A year from now a voice that has been entertaining radio listeners for four decades will be gone from the airwaves. Garrison Keillor, creator and longtime host of the popular A Prairie Home Companion radio show, announced he's retiring next September. Four million listeners nationwide on nearly 700 public radio stations each week hear the show. Listeners will no longer be privy to the folksy comedy sketches about the idiosyncratic characters living in his fictitious Minnesota town of Lake Woebegon, but it will be difficult to forget his closing remarks at each show describing those inhabitants of that apocryphal municipality “where all the women are strong, all the men are good-looking, and all the children are above average.”
While Keillor is obviously mocking the immaculate perception of his metaphysical hometown’s citizens, he has also penetrated the misconceptions of basic human nature. How is it possible for all the adults in a town to be strong, and good looking and all the children above average? If we use IQ scoring to evaluate Keillor’s remark about the children, the average person has an IQ score of 84-115. A score below that indicates below average. If you believe (or know) you score up to 130, you are above average. Achieving an even higher score, up to 145, is indicative of a gifted individual. If you are indeed above that level... hello genius. (Albert Einstein had an IQ of 160).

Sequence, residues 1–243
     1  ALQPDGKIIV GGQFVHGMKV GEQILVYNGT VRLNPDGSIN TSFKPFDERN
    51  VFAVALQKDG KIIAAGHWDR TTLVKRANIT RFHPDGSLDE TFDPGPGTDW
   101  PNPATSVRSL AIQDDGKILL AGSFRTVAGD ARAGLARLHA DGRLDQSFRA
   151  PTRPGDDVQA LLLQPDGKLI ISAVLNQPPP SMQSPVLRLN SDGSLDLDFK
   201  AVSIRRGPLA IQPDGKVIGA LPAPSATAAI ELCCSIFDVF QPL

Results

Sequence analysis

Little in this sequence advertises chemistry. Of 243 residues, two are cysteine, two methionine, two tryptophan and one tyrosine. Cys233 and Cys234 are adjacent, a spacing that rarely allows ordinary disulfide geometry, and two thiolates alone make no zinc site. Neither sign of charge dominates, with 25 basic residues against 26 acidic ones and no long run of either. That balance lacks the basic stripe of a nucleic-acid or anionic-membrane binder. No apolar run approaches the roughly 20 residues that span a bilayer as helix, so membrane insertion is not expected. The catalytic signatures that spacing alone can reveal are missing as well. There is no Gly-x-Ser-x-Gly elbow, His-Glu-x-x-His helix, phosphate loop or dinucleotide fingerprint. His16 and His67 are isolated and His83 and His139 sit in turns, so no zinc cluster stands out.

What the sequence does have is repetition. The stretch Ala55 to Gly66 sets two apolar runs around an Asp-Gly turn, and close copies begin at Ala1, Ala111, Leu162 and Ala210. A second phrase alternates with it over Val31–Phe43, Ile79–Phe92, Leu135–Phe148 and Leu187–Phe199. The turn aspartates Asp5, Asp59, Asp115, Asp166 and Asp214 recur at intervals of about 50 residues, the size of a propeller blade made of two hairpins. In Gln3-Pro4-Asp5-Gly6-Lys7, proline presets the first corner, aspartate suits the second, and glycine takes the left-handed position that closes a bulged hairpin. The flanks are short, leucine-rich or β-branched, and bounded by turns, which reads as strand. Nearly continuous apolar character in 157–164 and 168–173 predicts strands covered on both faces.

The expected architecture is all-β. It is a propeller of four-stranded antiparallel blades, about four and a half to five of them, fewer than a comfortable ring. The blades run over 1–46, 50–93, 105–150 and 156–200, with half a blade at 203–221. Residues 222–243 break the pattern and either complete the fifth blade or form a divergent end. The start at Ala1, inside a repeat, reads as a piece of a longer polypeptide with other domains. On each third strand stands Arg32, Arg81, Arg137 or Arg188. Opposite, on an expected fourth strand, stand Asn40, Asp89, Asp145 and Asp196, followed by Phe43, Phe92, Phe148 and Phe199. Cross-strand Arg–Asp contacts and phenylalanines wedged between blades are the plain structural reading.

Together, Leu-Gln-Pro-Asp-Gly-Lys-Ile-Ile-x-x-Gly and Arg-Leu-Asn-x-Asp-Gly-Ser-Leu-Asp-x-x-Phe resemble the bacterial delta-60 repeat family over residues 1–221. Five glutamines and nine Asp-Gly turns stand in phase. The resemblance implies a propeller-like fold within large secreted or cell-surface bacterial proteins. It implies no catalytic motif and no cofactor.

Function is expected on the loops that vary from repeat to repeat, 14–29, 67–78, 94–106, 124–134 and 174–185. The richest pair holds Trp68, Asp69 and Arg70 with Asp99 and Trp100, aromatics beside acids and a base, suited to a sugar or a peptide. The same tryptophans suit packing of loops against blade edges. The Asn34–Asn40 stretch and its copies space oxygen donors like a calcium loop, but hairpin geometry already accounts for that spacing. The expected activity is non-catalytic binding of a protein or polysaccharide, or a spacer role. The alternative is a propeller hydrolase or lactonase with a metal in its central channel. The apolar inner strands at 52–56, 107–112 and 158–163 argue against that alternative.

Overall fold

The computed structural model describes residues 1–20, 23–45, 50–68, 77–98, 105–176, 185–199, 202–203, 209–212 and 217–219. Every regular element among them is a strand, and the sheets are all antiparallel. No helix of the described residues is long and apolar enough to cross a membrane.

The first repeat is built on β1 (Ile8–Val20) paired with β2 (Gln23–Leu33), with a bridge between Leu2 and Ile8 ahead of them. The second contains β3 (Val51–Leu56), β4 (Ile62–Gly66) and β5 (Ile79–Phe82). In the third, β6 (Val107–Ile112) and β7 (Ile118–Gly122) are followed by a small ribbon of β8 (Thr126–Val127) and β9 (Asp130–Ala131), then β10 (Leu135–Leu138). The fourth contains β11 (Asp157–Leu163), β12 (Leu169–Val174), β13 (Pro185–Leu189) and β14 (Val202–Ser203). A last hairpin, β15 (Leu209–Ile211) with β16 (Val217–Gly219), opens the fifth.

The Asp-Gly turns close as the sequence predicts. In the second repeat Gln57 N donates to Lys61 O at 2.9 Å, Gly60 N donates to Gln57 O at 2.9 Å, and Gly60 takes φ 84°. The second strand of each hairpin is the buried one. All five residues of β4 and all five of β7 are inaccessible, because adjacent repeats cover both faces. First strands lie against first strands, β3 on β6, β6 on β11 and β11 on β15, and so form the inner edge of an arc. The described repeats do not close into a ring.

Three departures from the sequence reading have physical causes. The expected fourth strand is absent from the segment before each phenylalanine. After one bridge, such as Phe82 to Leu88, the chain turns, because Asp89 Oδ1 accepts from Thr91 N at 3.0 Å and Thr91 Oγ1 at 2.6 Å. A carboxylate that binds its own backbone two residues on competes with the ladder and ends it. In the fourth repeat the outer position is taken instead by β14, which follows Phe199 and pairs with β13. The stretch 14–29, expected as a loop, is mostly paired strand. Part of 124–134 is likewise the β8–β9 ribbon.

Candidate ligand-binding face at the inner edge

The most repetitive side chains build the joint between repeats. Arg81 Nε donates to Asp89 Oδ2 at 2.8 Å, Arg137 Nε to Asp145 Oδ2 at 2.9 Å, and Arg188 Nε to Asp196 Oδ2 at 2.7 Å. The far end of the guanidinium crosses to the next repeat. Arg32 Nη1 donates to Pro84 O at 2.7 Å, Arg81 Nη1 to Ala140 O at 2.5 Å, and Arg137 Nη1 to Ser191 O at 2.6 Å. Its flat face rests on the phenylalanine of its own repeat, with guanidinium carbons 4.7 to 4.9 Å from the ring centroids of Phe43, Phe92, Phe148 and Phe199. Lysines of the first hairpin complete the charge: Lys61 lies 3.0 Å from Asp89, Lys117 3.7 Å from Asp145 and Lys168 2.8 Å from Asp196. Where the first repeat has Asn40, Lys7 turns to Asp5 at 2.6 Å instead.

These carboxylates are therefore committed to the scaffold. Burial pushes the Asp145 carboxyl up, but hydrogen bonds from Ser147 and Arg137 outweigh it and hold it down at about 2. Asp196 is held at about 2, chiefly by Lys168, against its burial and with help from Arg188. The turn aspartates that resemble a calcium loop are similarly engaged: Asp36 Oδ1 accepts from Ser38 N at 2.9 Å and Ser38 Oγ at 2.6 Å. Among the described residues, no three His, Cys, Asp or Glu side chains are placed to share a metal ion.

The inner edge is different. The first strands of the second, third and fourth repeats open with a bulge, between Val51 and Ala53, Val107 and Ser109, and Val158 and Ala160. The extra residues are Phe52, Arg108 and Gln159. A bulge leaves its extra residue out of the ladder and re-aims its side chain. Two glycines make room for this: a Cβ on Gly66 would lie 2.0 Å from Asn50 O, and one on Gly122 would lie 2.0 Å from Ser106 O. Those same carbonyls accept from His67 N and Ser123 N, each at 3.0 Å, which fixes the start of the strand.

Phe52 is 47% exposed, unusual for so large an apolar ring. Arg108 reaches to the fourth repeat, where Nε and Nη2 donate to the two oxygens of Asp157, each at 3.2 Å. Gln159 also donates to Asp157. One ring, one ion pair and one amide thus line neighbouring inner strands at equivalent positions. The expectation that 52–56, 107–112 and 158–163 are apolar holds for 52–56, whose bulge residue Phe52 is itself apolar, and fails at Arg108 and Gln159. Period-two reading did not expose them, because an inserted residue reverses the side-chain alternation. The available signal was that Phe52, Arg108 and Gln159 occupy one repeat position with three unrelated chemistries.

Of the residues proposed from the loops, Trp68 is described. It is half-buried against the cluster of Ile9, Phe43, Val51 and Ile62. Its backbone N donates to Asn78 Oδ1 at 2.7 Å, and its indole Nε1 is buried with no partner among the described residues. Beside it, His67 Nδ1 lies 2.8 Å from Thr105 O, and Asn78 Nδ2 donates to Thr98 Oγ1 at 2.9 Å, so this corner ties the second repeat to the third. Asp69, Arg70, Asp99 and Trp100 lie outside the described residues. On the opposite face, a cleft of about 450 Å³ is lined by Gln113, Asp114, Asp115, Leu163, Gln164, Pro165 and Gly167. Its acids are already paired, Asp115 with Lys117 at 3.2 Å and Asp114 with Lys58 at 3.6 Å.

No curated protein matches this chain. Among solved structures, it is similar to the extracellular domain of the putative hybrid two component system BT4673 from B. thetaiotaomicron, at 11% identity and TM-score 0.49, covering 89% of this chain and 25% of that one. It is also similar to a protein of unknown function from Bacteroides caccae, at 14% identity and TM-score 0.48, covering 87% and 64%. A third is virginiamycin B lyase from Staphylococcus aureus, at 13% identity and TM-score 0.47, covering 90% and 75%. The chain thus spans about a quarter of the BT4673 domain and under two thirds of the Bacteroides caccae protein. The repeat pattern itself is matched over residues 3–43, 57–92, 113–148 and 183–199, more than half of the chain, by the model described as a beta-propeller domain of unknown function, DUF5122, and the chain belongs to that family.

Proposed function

So what are the possibilities of possessing an above average IQ? Although surveys differ slightly, generally, 68% of the population scores within the average range; 14% score as either below average or above average; and only 2% are either challenged or gifted. The probability of falling into the genius level is 0.13. Considering those odds, unless you know for a fact that you do score in the above average category, there is only a remote 16% probability of actually being considered above average.
The Above Average Syndrome